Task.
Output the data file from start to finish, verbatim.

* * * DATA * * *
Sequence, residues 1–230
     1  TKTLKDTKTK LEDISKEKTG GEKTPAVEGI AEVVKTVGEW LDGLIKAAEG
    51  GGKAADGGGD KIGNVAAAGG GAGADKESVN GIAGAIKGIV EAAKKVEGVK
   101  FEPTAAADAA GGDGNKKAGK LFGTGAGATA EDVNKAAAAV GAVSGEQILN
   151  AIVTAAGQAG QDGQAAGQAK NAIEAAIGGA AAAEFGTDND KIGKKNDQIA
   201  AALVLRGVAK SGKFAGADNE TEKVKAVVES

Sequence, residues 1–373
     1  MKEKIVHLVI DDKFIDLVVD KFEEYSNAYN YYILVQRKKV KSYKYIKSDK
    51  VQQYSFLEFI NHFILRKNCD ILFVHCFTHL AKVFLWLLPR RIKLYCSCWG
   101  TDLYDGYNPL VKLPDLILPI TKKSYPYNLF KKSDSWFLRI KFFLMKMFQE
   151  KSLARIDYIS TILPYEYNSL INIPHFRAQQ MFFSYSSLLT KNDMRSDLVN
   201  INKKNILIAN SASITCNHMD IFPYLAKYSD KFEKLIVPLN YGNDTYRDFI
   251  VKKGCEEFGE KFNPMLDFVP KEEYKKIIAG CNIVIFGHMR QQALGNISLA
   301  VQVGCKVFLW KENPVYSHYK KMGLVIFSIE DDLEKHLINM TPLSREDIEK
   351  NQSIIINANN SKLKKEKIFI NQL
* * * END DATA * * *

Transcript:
Sequence, residues 1–230
     1  TKTLKDTKTK LEDISKEKTG GEKTPAVEGI AEVVKTVGEW LDGLIKAAEG
    51  GGKAADGGGD KIGNVAAAGG GAGADKESVN GIAGAIKGIV EAAKKVEGVK
   101  FEPTAAADAA GGDGNKKAGK LFGTGAGATA EDVNKAAAAV GAVSGEQILN
   151  AIVTAAGQAG QDGQAAGQAK NAIEAAIGGA AAAEFGTDND KIGKKNDQIA
   201  AALVLRGVAK SGKFAGADNE TEKVKAVVES

Sequence, residues 1–373
     1  MKEKIVHLVI DDKFIDLVVD KFEEYSNAYN YYILVQRKKV KSYKYIKSDK
    51  VQQYSFLEFI NHFILRKNCD ILFVHCFTHL AKVFLWLLPR RIKLYCSCWG
   101  TDLYDGYNPL VKLPDLILPI TKKSYPYNLF KKSDSWFLRI KFFLMKMFQE
   151  KSLARIDYIS TILPYEYNSL INIPHFRAQQ MFFSYSSLLT KNDMRSDLVN
   201  INKKNILIAN SASITCNHMD IFPYLAKYSD KFEKLIVPLN YGNDTYRDFI
   251  VKKGCEEFGE KFNPMLDFVP KEEYKKIIAG CNIVIFGHMR QQALGNISLA
   301  VQVGCKVFLW KENPVYSHYK KMGLVIFSIE DDLEKHLINM TPLSREDIEK
   351  NQSIIINANN SKLKKEKIFI NQL